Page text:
In the New Testament things are different.  We see fulfilled what Moses wished for, ‘Would that all the LORD’s people were prophets, and that the LORD would put his spirit on them!’ (Numbers 11:29 NRSV).  God goes beyond that and fills us with his Spirit, ‘As for you, the anointing that you received from him abides in you, and you do not need anyone to teach you.’ (1 John 2:27 NRSV).  In the New Testament and now, ‘we prophesy only in part’ (1 Corinthians 18:9 NRSV), prophecy is no longer absolute, which means we must no longer be 100% accurate 100% of the time, but we still should always be responsible when we prophesy and aim to listen to God as accurately as possible.

Under the New Covenant we should never take prophecy for granted, or in any way abuse it.  It is a gift from God, and that is true of both the charismatic gift and the ministry gift, the role of prophet in the Old Testament sense does not exist either in the New Testament or today.  The main reason for this is the indwelling of the Holy Spirit as I said earlier, this means that both the person giving a prophecy, and the person or people receiving the prophecy are both to test what they are hearing.  Prophetic people who get things wrong are no longer immediately condemned, but should be given chances to grow, learn and get better at listening, but God will still judge real false prophets today just as harshly, as they lead Christians away from God, and do not confront sin where they see it.

The prophetic word may be completely right, partially right or slightly right or completely wrong.  Another thing is the emphasis may be wrong, or a prophetic interpretation may be wrong, or if it is a predictive word it is wrong if it does not happen in the given time frame, unless of course any conditions (either given or implied) are unfulfilled.  Another important thing in seeing a prophecy fulfilled is to pray into it and do God calls you to do.  Prophecies are not inevitable and will not just be fulfilled without our co-operation.

Lord Jesus, give us discernment to know what you are saying when you speak prophetically, and help us to know what is true and what is false.  Help those of us who speak prophetically to say what are saying, not to speak from our own imaginations like the false prophets Ezekiel is talking about here, Amen.

Olympic Games #2 – The Men’s Road Race

The Men’s Road Race for cycling was run on the Day One of the Games.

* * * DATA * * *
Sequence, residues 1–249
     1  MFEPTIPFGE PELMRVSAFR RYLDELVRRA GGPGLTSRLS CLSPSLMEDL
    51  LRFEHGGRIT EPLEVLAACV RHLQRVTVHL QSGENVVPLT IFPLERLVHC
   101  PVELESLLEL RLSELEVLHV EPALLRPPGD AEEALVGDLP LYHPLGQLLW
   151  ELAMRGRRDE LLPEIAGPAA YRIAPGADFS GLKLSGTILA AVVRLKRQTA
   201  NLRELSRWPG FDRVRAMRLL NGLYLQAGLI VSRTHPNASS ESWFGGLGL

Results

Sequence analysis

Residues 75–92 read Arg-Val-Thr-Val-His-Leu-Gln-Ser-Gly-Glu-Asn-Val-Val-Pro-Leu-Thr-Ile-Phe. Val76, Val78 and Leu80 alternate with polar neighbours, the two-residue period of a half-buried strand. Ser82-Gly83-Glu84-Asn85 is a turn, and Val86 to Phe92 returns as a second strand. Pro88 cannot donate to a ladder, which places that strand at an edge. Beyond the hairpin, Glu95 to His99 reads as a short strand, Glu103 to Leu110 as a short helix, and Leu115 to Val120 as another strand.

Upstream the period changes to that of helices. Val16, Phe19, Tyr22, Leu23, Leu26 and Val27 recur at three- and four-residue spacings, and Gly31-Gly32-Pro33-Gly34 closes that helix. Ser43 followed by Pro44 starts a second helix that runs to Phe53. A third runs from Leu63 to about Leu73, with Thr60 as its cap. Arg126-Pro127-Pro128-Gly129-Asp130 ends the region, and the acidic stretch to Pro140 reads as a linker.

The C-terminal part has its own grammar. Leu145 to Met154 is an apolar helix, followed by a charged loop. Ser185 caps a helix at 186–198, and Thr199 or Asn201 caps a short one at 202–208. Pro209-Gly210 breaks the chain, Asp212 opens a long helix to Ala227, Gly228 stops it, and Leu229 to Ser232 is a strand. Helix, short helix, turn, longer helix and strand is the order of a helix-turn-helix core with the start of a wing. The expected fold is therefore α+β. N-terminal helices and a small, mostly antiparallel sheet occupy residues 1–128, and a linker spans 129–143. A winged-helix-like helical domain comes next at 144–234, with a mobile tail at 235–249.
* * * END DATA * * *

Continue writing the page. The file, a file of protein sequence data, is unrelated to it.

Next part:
The British cyclist Mark Cavendish was expecting to get a gold. The whole British cycling team was determined to get him into a good position so he could win with a sprint finish.  But it just wasn’t to be!

After an early breakaway the British team were left in the front of the peloton, along with other good teams with other good sprint finishers (Australia and Germany).  They were behind the leaders, but the whole group could have caught up if they had all worked together, and taken a share of leading that group.

But the rest of the teams decided to leave all the work to the Brits, and it was too much work for four men to do!  Because the rest of the best teams in the peloton were not prepared to do their share of the work and risk Cavendish winning, they also sacrificed their own medal hopes.  The final winner, Vinokourov of Kazakstan, deserved it, he took a risk and pushed ahead and the glory went to him.

David Millar, one of the British team summed it up quite well, ‘We lost out, but a lot of teams lost out by planning against us.  We can’t complain because everyone knew what we were going to do, so it was their job to derail us.  Which they did.’

What is God saying through this to his church?

We are all individuals, and part of different churches, but we also are all part of God’s universal church.

Now, here’s the challenge.  Do you seek solely your own personal growth and advancement?  Or your church’s?  Or do you seek growth and advancement for the whole of God’s universal church?  Or are you prepared to let others do the work which will in fact mean that everyone loses out in the end?

The Apostle Paul says ‘Do you not know that in a race the runners all compete, but only one receives the prize?  Run in such a way that you may win it.’ (1 Corinthians 9:24 NRSV).  Let’s support each other and run to win, that we may each get the prize that God has for us.

What does this mean in reality, go after the vision God has given you and do everything you can to support those with a greater vision than yours!  In the case of churches let us spur each other on and seek to learn and grow from each other.  If we are petty or insecure and don’t support each other, then we will all lose out in the end.